By L. J. Sharpe
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Additional info for Voting in Cities: The 1964 Borough Elections
B) representatives Professional Foremen and supervisors Other skilled and clerical workers Unskilled workers Full-time trade union officials Con. II I I 4 Lib. Lab. 5 2 5 8 3 Voting in Cities A kind of' locality rule', by which a candidate who lives within the ward has an electoral advantage, is supposed to operate. Using actual residence in the ward as the rubric, one finds that 38 per cent of Liberal, 44 per cent of Labour and 61 per cent of Conservative candidates could be classified as local.
Since these two wards are the Liberal strongholds, this increase is perhaps less remarkable than would at first appear. The turn-out pattern in the wards was normal. The peripherals had an average of 47·1 per cent, the central wards 35·6 per cent and the intermediates 43 ·6 per cent. The voting pattern was also more or less normal, although there were two minor surprises in Great Horton and Clayton, where Labour had unexpected and narrow gains. The central wards all steadfastly returned Labour councillors, with Labour taking its normal solid share of the poll.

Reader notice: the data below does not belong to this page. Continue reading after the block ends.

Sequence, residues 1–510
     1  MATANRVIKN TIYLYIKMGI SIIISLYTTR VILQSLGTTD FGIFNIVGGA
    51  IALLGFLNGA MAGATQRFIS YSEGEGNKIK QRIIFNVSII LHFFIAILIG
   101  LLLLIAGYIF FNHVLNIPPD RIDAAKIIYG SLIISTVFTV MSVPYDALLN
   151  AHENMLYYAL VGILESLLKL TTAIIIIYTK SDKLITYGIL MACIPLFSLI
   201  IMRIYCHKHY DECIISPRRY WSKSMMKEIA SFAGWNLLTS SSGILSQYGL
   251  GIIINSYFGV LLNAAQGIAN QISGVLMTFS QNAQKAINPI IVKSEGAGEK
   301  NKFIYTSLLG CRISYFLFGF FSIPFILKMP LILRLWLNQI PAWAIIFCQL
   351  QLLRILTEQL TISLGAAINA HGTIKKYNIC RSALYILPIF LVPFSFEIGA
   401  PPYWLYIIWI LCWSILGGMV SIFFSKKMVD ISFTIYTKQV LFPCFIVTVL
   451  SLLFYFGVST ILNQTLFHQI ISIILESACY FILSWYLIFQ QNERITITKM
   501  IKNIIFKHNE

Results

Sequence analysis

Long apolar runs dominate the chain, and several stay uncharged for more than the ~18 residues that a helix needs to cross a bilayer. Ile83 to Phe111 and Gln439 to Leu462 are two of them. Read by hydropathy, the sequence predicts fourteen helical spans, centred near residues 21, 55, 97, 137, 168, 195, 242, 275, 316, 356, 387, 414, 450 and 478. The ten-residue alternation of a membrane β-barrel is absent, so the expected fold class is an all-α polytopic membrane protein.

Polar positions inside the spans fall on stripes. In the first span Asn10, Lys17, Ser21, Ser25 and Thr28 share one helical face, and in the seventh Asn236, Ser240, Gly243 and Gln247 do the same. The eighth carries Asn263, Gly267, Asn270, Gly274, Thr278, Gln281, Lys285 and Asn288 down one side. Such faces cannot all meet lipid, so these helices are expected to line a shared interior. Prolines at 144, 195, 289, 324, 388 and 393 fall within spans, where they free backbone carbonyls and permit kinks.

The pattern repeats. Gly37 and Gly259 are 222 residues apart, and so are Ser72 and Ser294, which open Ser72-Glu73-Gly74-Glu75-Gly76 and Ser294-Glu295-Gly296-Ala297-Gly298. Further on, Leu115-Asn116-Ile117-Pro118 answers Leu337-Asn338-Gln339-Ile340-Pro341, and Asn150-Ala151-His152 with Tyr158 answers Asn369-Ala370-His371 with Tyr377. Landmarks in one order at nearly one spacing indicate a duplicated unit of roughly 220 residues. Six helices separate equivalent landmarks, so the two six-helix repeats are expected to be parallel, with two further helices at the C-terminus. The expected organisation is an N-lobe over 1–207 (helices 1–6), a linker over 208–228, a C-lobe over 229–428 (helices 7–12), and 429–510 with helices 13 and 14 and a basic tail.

They Bradford 43 ought to have won North Bierley West with a big majority and they only just scraped in. If the Liberals lose this base there will soon be a two-party system in Bradford. The second important effect of the election was on the morale of the party workers. The Telegraph and Argus announced' Tories May Lose Bradford North', and party workers in both camps gladly, or sadly, agreed. It may in fact be no exaggeration to say that the most important effect of this election was in the sphere of morale and organisation for the general election, and not in the sphere oflocal government.